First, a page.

Central Nervous System (CNS) Stimulant Use Disorders

Cocaine and amphetamines are readily available in the United States. The patterns of use and abuse of and dependence on cocaine and amphetamines are similar because both are CNS stimulants with similar psychoactive and sympathomimetic effects.

In the United States, cocaine is available in two forms: as cocaine hydrochloride powder, which is typically snorted, and as cocaine alkaloid crystal (“crack”), which is typically smoked. Cocaine has an extremely rapid onset of action (when snorted or smoked) and a short half-life, requiring frequent dosing to remain “high.”

In the United States, an amphetamine (dextroamphetamine) and methylphenidate are available in pill form by prescription for the treatment of obesity, narcolepsy, and attention-deficit/hyperactivity disorder. Various forms of amphetamine are used illicitly including a very pure form of methamphetamine, called crystal methamphetamine, which can be snorted or smoked. Amphetamines have a longer half-life than cocaine and hence are taken less frequently.

Clinical Manifestations

Cocaine or amphetamine intoxication is characterized by

  1. Maladaptive behavioral changes (e.g., euphoria or hypervigilance);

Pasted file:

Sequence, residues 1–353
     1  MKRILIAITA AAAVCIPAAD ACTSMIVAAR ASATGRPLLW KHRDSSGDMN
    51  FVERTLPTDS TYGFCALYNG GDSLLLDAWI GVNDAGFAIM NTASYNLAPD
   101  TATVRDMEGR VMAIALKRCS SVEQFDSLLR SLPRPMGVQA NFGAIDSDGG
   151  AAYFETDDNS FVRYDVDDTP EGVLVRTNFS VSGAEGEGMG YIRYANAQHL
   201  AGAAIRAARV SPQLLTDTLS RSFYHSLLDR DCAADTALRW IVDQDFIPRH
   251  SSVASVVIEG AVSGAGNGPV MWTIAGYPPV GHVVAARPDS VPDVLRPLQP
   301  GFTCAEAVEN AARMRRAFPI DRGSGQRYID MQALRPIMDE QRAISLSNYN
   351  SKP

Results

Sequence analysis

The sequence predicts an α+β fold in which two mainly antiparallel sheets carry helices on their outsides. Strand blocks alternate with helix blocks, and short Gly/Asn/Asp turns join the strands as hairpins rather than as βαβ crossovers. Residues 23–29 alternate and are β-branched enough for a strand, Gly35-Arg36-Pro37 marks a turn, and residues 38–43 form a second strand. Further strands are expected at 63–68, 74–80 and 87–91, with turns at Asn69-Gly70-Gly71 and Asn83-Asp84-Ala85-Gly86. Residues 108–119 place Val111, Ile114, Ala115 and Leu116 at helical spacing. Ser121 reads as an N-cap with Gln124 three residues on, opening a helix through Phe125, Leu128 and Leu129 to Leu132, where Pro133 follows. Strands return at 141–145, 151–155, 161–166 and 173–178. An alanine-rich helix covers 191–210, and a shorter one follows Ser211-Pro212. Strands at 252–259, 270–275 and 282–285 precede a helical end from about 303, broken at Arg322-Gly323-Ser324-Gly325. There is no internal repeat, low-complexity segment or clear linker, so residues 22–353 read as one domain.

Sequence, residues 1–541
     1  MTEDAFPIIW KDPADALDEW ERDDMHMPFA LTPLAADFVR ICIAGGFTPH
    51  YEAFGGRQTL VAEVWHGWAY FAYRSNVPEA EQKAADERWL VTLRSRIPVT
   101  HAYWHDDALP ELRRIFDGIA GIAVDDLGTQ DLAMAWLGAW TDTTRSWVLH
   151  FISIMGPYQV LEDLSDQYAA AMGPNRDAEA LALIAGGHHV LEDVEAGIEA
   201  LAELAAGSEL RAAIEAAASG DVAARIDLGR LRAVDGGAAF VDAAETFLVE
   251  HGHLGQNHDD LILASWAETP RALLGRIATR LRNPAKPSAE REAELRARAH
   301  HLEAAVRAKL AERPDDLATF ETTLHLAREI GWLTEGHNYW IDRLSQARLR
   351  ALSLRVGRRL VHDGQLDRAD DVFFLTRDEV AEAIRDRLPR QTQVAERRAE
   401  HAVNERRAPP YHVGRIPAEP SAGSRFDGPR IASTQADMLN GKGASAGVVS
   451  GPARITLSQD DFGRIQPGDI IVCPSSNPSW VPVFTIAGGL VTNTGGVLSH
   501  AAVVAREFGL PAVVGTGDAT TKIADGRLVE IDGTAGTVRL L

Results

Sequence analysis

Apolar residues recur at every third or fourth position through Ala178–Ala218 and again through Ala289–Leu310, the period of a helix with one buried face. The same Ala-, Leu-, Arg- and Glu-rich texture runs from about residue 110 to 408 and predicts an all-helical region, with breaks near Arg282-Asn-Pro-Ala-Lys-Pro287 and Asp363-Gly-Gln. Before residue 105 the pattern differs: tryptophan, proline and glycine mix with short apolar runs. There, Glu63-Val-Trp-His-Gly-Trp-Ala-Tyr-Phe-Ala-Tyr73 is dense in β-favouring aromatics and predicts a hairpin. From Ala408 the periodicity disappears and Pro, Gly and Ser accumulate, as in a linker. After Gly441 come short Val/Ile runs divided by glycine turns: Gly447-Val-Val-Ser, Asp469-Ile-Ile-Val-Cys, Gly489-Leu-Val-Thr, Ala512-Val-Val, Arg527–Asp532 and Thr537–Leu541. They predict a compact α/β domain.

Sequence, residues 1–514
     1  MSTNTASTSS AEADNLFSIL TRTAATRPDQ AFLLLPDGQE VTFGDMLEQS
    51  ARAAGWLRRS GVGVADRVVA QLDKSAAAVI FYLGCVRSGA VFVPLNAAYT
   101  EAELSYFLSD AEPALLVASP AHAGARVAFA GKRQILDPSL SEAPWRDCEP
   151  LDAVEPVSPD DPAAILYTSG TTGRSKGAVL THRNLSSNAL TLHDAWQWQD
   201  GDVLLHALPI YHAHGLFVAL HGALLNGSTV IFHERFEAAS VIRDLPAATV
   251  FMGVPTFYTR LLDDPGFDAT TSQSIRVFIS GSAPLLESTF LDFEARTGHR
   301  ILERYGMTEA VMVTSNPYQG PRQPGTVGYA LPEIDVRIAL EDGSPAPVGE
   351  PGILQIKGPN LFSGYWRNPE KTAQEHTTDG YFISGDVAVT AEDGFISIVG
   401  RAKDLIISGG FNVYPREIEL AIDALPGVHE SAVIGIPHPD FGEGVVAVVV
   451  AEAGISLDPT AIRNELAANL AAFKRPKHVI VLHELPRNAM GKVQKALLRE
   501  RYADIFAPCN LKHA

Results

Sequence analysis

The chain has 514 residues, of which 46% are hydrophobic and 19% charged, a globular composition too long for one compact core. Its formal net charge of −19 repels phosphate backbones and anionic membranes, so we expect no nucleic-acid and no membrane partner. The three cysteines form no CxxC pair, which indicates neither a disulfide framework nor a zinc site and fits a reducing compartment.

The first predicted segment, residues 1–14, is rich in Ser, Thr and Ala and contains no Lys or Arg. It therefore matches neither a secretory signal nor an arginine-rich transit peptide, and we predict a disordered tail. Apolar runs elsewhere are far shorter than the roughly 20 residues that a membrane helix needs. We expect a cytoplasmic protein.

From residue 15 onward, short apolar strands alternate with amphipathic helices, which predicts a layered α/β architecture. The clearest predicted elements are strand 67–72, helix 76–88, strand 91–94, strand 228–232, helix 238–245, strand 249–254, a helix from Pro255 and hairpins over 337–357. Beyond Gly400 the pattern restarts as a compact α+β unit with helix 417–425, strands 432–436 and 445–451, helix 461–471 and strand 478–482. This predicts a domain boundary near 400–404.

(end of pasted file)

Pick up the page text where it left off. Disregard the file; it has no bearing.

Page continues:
2. Tachycardia or bradycardia;
  3. Pupillary dilatation;
  4. Hyper- or hypotension;
  5. Perspiration or chills;
  6. Nausea or vomiting;
  7. Weight loss;
  8. Psychomotor agitation or retardation;
  9. Muscular weakness, respiratory depression, chest pain, cardiac dysrhythmias;
  10. Confusion, seizures, dyskinesia, or coma.

Cocaine intoxication can cause tactile hallucinations (“coke bugs”). Both cocaine and amphetamine intoxication can lead to agitation, impaired judgement, and transient psychosis (e.g., paranoia, visual hallucinations). Cocaine and amphetamine dependence is defined by the criteria outlined above for substance dependence.

Withdrawal of cocaine or amphetamines leads to fatigue, depression, nightmares, headache, profuse sweating, muscle cramps, and hunger. Withdrawal symptoms peak in 2 to 4 days.

Management


Withdrawal from amphetamines or other (CNS) stimulants is self-limited and usually does not require inpatient detoxification. Psychosis from amphetamine intoxication or withdrawal is generally self- limited, requiring only observation in a safe environment. Antipsychotic medications can be used for agitation.

Ultimately, the goal is rehabilitation. Narcotics Anonymous, treatment of comorbid psychopathology, drugs to reduce craving, and family therapy are the essential features of cocaine rehabilitation.

KEY POINTS
1. Cocaine and amphetamines are CNS stimulants.
2. CNS stimulants can cause transient psychosis (e.g., “coke bugs” or paranoia).
3. Withdrawal symptoms (fatigue, depression, nightmares, etc.) peak in 2 to 4 days.
4. Withdrawal from CNS stimulants is self-limited.

Provided by ArmMed Media
Revision date: June 11, 2011
Last revised: by Andrew G. Epstein, M.D.